zippyshare.com Filesharing 10% getcoinfree.com Finance 9.2%
icerbox.com Filesharing 10% ul.to Filesharing 4.2%
hq-mirror.de Ent. & Music 10% share-online.biz Filesharing 2.9%
andyspeed
racing.com
Automotive 10%
oboom.com
Filesharing
2.8%
Table 4: Top 10 domains in 89% of all samples from the top 10 short link creators.

Top 10 User. We first investigate a random sample from all short links of the top 10 users (1000 links each) representing 80% of the link targets. Table 4 shows a classification for the top 10 domains (accounting for roughly 89% of all sampled URLs) that we extracted from the destination URL. We again utilize the RuleSpace categories to manually classify those 10 domains. As the table shows, most links point to streaming and filesharing services.

Top Categories. We employ the RuleSpace engine to further classify the unbiased dataset into categories. One URL can have multiple categories, therefore, a single URL can contribute to different categories. For roughly 1/3 of the URLs RuleSpace has no classification, for the remainder, Table 5 lists the top 10 categories and how often a URL falls into each category. We observe that sites to fall into a diverse set of categories, unlike the top 10 users for which filesharing and streaming were the dominant categories (Table 4).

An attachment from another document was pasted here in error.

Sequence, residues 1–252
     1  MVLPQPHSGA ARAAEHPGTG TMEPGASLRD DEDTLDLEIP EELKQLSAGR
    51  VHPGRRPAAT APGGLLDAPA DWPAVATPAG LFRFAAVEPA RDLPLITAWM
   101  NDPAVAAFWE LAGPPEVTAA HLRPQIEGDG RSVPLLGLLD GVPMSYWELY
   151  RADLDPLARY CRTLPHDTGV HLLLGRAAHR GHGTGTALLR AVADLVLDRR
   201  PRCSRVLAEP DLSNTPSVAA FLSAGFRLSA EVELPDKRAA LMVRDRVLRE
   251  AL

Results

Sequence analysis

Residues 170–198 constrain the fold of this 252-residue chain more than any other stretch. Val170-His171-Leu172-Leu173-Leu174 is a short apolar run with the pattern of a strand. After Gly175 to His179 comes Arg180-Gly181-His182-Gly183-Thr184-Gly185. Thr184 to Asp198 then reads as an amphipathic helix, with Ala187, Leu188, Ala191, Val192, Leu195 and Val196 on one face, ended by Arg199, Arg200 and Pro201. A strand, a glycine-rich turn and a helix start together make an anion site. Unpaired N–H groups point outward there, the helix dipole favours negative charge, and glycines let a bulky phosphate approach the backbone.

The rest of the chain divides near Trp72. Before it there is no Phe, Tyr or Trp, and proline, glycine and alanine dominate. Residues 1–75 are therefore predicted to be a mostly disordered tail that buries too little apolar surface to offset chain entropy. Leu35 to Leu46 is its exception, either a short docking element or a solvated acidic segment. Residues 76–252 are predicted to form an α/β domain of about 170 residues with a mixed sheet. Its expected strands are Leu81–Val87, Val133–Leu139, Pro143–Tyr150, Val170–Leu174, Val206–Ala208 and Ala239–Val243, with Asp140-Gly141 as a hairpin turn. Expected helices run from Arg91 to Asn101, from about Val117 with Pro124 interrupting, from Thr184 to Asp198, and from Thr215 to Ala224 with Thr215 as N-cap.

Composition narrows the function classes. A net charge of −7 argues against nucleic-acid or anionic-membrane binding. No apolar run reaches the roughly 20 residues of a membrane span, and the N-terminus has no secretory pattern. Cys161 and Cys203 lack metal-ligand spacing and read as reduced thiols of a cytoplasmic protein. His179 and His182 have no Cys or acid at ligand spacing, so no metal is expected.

Takeaway. Coinhive’s link forwarding service is dominated by links from only 10 users. They mostly redirect to streaming videos and filesharing sites. We find that most short links can be resolved within minutes, however, some links require millions of hashes to be computed which is infeasible.

4.2 Estimating the Network Size

While we find many websites to use Coinhive (see Section 3), it remains unclear how many users visit these sites. Thus, the mining power and the achievable payouts are unknown. To understand the available mining power and thereby the users of Coinhive, we need to identify which blocks in the Monero blockchain were mined through Coinhive.

Category Count Category Count
Tech. & Telecomm. 1,522 Shopping 572
Gaming 737 Finance and Investing 502
Dynamic Site 727 Ent. & Music 313
Business 578 Educational Site 305
Pornography 577 Hosting 298
Table 5: Top 10 categories of the unbiased dataset  10K hashes.

Methodology. When a block is mined by the Coinhive network, one of the clients must have found a nonce that satisfies the PoW difficulty. Then, a new block can be mounted into the blockchain which contains the block header that is also part of the PoW input, as well as all the transactions that have implicitly been included in the PoW input through the Merkle tree root (see Figure 1). Thus, if we find the PoW input for which a suitable nonce was found, we can investigate the blockchain and look at the block that succeeds the block referenced in the PoW. If the transactions in that block form a Merkle tree whose root is equal to that in the PoW input, we can be sure that the PoW input was the one that was used to mine the block. This uniquely identifies the origin as each block contains the Coinbase transaction (first leaf of the Merkle tree) which is used to pay the block rewards to the miner (i.e., Coinhive). Thus we could never by accident see a Merkle tree root of another miner in the PoW input.